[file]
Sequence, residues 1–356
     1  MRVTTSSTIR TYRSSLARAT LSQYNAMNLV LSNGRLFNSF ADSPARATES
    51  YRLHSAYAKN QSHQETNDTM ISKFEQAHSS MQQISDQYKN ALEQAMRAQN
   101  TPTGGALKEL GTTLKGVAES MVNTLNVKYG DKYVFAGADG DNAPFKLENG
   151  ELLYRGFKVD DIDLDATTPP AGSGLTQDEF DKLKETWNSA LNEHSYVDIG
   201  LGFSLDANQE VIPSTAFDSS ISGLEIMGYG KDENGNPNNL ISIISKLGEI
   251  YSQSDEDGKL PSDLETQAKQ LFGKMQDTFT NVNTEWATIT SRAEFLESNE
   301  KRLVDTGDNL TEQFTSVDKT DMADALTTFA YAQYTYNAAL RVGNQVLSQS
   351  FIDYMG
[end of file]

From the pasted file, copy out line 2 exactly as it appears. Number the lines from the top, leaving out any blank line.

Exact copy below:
     1  MRVTTSSTIR TYRSSLARAT LSQYNAMNLV LSNGRLFNSF ADSPARATES